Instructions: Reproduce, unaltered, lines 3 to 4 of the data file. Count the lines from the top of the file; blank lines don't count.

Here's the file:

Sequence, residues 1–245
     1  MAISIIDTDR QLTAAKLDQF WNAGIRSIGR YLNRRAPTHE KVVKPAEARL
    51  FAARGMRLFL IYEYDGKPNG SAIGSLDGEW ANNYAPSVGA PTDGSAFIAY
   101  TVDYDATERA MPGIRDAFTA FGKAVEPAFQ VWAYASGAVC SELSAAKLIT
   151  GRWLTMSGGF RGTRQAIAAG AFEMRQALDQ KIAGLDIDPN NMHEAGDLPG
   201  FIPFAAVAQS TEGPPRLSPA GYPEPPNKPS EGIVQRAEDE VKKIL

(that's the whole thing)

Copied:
    51  FAARGMRLFL IYEYDGKPNG SAIGSLDGEW ANNYAPSVGA PTDGSAFIAY
   101  TVDYDATERA MPGIRDAFTA FGKAVEPAFQ VWAYASGAVC SELSAAKLIT